The U.S. House of Representatives has not yet voted on a bill that would end online sales of vapor products to minors. The bill has been “held at desk” for nearly a month. No announcement has been made for when the House would bring the bill to the floor.
On July 1, the U.S. Senate passed the Preventing Online Sales of E-Cigarettes to Children Act (S.1253) by unanimous consent. The legislation aims end online e-cigarette sales to minors by applying the same measures that are required when traditional cigarettes are purchased online.
The National Association of Convenience Stores (NACS) said it strongly supports S. 1253, which “ensures responsible retailing of e-cigarettes and age verification across all channels. The legislation would require online sellers of e-cigarettes to ensure the delivery carrier verifies the age of the recipient upon delivery. It would also require online sellers to collect and remit the appropriate state and local taxes,” according to a story on the NACS website.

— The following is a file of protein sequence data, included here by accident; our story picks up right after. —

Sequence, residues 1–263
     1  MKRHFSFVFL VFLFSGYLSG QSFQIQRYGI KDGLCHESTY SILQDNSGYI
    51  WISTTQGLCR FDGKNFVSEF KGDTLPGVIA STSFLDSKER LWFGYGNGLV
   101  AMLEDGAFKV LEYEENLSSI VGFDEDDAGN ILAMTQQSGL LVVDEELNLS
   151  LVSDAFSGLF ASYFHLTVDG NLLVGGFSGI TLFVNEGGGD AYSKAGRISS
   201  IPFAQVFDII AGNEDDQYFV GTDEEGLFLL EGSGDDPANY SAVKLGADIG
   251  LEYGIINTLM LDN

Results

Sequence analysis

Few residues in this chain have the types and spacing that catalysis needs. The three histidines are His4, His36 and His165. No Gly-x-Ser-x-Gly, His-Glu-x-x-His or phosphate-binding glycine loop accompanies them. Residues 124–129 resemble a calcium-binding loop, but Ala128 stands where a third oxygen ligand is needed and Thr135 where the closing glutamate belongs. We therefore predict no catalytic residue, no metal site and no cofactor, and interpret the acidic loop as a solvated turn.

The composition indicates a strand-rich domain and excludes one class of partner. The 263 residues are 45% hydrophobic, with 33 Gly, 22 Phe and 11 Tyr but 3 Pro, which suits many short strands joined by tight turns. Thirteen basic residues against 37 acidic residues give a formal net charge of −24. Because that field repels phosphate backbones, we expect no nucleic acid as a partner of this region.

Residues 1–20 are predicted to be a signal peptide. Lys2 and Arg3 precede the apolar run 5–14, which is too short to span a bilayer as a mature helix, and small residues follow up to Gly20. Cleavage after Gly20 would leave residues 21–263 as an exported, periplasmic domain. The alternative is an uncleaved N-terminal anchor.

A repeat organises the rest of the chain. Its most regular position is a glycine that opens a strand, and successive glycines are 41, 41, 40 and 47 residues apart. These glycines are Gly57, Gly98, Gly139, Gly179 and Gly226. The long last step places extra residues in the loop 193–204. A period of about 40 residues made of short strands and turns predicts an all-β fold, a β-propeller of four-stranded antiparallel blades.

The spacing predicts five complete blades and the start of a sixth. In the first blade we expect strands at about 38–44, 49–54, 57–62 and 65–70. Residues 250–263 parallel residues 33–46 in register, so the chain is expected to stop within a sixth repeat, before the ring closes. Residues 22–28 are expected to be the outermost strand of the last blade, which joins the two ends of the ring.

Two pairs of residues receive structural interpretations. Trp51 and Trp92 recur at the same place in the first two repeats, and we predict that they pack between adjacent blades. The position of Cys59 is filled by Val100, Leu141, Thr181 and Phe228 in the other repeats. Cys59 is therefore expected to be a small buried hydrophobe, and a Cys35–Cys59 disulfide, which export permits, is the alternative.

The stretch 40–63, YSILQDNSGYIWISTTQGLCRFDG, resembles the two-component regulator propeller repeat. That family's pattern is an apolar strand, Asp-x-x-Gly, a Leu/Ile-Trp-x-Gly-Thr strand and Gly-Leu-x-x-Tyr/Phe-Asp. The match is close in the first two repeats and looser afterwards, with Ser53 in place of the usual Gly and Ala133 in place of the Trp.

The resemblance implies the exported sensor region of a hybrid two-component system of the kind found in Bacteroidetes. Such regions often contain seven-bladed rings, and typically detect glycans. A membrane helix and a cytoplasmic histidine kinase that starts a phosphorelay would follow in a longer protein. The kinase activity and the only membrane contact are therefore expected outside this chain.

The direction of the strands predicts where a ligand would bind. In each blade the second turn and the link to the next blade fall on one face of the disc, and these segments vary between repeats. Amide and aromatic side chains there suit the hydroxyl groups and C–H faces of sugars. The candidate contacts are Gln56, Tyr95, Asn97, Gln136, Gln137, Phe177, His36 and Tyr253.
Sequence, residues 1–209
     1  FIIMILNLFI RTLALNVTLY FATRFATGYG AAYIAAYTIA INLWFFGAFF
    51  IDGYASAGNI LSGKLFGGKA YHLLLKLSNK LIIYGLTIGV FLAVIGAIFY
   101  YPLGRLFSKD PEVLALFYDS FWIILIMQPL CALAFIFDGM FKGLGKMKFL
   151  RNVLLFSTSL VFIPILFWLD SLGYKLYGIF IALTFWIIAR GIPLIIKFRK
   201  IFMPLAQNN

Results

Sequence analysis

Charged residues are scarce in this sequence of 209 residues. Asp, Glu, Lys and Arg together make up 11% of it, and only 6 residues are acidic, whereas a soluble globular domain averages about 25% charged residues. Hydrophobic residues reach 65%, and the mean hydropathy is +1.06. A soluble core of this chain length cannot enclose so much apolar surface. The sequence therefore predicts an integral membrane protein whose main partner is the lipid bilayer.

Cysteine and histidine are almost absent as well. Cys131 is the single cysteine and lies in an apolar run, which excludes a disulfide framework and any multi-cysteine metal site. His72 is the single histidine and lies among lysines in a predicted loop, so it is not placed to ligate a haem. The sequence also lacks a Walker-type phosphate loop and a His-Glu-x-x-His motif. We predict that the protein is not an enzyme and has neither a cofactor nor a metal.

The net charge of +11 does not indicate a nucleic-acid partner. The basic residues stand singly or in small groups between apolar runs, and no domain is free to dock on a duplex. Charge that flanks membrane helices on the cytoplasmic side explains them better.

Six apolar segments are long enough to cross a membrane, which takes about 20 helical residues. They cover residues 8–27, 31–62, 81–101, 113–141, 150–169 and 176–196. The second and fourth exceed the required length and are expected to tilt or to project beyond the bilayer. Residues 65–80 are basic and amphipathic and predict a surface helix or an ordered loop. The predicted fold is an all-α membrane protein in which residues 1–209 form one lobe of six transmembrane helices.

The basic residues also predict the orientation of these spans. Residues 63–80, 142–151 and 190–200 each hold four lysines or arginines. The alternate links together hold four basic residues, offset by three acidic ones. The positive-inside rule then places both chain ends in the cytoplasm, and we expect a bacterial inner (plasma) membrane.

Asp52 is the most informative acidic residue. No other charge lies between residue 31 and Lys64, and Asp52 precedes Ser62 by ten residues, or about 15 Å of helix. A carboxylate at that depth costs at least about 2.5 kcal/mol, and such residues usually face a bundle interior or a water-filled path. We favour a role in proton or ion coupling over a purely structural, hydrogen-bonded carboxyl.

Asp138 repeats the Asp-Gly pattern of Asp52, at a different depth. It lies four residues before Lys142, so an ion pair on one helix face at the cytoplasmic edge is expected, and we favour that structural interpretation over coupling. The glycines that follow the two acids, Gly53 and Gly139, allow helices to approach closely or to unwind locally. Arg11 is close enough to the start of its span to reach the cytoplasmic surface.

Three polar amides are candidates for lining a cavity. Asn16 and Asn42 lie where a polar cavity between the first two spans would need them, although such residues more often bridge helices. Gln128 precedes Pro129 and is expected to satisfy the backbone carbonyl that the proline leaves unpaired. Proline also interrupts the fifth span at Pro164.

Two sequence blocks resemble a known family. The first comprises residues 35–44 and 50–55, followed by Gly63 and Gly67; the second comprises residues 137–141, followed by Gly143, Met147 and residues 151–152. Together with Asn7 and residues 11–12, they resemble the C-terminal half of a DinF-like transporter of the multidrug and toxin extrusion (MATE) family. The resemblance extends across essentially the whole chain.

These rules are already in place for cigarettes and smokeless tobacco products purchased over the internet after Congress passes the Prevent All Cigarette Trafficking (PACT) Act, in 2010. Language for vapor products was not included in the law.
The House passed its version of the bill (H.R. 3942) on suspension. Given that the Senate bill is slightly different than the House version, the House will need to pass the Senate’s version before it can become law, according to NACS.